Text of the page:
Succinctly stated – I think even Groveton and many to the right of him would side with the quiche-eating liberals to fight any efforts to return to open sewers as a way to increase our GDP.

    And according to Ray – we STILL don't know how much raw sewage is "acceptable" to dump in the river because we have not plugged it in to his equation to find out if we are at the "sweet" spot of balancing raw sewage with maximum GDP.

    2. – What NoVa decides to do or not with regard to pollution works the same way as it does to other communities upstream of NoVA.

    So if WVA decided to allow dioxin and MTBE and Kepone dumping in the upper reaches of the Potomac, it would show up in concentration in this region just as it would if one of Groveton's neighbors decided to get rid of 30 gallons of Roundup in the creek upstream of Groveton's neighborhood.

  35. Anonymous Avatar

    industry groups will make their best arguments for less restrictions and others will make their arguments for tighter restrictions and that the EPA has to justify their decisions and that if they don't or they don't do it well, they end up in court, have their standards overturned and have to start all over.

    This is precisely what I told my county supervisor, "Look, if you will pay me 5% of what you claim I'm saving you, then I'll shut up."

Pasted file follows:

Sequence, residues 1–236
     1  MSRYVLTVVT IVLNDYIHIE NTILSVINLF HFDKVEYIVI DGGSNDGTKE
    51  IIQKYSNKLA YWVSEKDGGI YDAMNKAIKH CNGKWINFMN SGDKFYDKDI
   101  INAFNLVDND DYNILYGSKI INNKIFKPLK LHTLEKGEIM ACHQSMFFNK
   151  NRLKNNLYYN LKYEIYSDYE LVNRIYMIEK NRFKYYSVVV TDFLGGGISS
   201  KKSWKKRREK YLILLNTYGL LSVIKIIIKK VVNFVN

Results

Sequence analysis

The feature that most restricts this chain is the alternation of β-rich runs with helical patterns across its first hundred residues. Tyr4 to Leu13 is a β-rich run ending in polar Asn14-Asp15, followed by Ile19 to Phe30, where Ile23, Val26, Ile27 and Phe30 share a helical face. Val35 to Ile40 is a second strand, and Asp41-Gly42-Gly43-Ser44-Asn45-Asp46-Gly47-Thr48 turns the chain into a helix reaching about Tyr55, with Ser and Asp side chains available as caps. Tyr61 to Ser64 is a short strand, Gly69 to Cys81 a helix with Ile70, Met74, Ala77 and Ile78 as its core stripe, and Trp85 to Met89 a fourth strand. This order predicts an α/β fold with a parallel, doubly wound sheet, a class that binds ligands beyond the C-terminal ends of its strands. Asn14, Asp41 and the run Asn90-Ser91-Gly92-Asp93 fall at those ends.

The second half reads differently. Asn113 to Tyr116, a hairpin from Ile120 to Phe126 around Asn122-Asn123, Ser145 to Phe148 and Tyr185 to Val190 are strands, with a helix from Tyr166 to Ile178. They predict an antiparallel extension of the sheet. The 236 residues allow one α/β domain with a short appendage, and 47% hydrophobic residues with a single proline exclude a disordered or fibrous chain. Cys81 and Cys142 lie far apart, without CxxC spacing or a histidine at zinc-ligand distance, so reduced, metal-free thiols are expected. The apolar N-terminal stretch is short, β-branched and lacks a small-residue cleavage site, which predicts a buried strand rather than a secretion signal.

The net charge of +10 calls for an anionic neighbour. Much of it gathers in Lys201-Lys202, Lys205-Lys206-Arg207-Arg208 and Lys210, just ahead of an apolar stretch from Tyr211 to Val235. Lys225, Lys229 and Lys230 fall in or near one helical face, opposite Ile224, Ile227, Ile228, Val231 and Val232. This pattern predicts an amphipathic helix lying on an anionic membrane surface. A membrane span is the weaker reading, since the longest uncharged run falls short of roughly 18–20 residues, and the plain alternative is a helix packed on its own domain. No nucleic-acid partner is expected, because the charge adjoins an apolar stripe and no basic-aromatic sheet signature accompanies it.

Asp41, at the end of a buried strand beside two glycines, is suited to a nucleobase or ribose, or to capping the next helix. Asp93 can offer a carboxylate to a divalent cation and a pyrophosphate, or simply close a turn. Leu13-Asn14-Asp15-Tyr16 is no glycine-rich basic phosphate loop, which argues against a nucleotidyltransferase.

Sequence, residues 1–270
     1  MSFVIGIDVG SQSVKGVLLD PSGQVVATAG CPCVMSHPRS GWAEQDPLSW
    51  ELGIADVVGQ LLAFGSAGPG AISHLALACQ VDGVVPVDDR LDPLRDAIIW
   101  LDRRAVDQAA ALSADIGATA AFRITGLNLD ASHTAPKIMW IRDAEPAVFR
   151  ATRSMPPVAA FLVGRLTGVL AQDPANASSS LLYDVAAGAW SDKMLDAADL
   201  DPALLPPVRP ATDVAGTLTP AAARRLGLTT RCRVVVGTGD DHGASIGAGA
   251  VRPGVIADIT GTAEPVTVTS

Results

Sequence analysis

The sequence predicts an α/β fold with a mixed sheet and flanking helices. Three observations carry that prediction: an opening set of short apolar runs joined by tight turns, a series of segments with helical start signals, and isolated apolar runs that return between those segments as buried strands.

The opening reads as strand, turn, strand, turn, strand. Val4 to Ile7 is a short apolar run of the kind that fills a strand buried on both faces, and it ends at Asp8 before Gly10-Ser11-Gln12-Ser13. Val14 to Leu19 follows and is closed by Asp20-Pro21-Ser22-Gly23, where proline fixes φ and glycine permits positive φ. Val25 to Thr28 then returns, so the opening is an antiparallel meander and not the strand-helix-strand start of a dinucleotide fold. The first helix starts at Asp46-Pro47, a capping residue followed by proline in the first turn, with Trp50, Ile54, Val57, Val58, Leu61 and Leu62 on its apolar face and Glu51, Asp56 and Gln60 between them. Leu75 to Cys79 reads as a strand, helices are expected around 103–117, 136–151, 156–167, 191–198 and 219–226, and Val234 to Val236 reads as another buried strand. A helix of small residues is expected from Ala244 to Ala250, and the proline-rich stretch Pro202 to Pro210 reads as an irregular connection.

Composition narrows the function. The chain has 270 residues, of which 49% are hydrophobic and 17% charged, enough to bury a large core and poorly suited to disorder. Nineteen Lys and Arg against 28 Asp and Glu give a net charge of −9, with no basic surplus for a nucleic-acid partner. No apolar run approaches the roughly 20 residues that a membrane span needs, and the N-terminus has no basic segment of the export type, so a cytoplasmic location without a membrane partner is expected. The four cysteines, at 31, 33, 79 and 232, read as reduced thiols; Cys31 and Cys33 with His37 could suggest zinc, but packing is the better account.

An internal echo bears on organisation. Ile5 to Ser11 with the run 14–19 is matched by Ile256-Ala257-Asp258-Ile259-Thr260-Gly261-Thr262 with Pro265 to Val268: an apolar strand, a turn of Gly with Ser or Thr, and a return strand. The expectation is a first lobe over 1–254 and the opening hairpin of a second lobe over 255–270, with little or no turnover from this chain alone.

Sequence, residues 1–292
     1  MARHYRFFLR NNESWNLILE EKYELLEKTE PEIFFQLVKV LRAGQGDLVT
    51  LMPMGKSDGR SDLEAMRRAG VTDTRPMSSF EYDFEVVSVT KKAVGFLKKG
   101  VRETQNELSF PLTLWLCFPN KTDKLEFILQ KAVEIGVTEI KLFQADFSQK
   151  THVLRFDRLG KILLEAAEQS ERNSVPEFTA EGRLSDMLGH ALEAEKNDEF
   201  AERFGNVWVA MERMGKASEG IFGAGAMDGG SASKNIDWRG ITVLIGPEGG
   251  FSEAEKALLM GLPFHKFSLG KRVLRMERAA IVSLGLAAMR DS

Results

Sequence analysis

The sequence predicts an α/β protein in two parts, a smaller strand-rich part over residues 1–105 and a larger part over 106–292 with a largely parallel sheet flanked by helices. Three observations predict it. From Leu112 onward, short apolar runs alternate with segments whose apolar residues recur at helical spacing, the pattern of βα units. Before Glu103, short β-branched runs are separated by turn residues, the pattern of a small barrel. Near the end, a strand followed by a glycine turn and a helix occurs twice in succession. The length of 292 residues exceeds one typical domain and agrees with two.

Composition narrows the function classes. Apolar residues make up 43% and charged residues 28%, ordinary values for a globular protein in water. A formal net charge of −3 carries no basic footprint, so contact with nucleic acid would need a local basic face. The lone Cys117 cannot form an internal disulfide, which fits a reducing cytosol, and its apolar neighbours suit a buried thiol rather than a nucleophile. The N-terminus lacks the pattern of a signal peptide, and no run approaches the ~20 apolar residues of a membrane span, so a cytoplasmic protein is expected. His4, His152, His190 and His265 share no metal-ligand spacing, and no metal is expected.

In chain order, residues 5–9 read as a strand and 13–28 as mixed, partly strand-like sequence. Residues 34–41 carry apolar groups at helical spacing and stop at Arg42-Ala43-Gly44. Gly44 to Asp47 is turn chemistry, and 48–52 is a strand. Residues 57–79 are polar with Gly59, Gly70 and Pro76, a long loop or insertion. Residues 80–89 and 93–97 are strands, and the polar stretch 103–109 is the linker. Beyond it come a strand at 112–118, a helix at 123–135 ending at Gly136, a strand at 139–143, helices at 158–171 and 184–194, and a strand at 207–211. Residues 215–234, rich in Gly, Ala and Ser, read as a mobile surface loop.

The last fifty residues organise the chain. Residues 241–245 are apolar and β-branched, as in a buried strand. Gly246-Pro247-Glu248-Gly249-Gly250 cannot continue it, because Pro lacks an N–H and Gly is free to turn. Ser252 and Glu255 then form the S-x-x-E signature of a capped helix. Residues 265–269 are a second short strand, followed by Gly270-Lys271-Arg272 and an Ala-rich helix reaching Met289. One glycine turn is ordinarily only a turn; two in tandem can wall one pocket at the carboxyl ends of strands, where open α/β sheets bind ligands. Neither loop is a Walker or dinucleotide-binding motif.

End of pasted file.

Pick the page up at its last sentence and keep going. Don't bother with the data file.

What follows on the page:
Even if it is less than what I might have gotten from what you took away from me, I can still be stasified with that small a payment because I don't have to incur the risk I would have taken otherwise.

    5% is a fair return for what you claim you are saving at my expense, and it turns out it is almost exactly the profit it takes to keep this farm afloat.


    You rar entirely and completely missing the point and continue to misrepresent my position.

    You are corrrect, insudtry groups will continue to make their arguments, and we know from experience that their positions are overstated. Teh costs they actually experience after regulation are generally less than orginally claimed.

    The 1970 clean air act was an exception, because much of what it did was delay previously issued regulations when it became clear that they were (presently) unachieveable.

    So this is an example of the opposite case in which the environmental side of the house made deamnds that were unrealistic, and based on understimated costs on the environmental side.

    But what we tipically see is a cost benefit ratio that overwhelmingly favors the environmental side. Some of them so overwhelminglyh that they are hard to accept as real. I think this is part of the problem withthe current CO2 debate: the benefits claimed (Save the entire world from imminent environmental, economic and social collapse) are enormoous compared to the proposed costs (Reduce combustion by 80% for only 1% or 2% of GDP).